Alejandra’s experience, and that of her family, led her to launch an initiative to empower women of color to take charge of their own health and healing. As she explains to CHICA, there are three points that define her mission at the Well Woman Coalition, which she founded in fall 2018: arm yourself with information, make empowered choices, and save your own life.

Her latest initiative

The major statistics driving her latest project? Latinx/Hispanic women are diagnosed with breast cancer at a lower rate than non-Hispanic white women, but they die from it at a higher rate. This is mainly due to a delay in detection. Another stat, one that justifies a specific focus on POCs: women of color make up more than 70 percent of women in L.A.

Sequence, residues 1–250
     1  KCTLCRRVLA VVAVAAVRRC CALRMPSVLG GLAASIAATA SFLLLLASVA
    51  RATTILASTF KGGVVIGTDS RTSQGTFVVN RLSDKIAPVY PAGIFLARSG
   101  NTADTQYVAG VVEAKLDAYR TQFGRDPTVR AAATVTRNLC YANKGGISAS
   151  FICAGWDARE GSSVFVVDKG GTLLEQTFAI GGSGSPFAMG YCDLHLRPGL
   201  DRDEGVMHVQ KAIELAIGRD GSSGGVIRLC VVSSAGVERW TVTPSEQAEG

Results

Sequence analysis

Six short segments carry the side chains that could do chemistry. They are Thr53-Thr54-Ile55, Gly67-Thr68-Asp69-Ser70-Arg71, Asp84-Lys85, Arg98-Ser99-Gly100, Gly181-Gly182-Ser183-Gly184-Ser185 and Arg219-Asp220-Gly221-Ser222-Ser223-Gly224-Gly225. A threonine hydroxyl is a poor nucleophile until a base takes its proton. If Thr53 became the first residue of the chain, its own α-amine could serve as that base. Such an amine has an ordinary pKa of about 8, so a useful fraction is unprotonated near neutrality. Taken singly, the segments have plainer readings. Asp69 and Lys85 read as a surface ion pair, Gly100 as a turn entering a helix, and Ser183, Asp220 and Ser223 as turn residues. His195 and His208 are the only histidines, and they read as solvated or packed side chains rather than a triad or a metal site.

“You don’t often see Latinas reflected in national breast cancer awareness efforts. That needs to change. Breast cancer is the most commonly diagnosed cancer amongst Latinas. And Latinas are more likely to be diagnosed with breast cancer in advanced stages,” she says.

Last month, Campoverdi created the Latinx & BRCA campaign by partnering with Penn Medicine’s Basser Center for BRCA. Latinx & BRCA is the first awareness campaign on the BRCA gene mutation that targets the Latinx community specifically and offers Spanish-language resources, including videos and educational materials.

Origin story

Alejandra Campoverdi’s focus on giving back to her community no doubt has its roots in her upbringing.

Her family emigrated from Mexico shortly before she was born. Since her father was out of the picture, she was raised by her mom and her grandmother in a small apartment crammed with up to eight other family members at times. “Like many, I grew up in a home where access to health care was not a given. …at times during my childhood, we had to rely on public assistance such as Medicaid just to see a doctor,” she tells CHICA.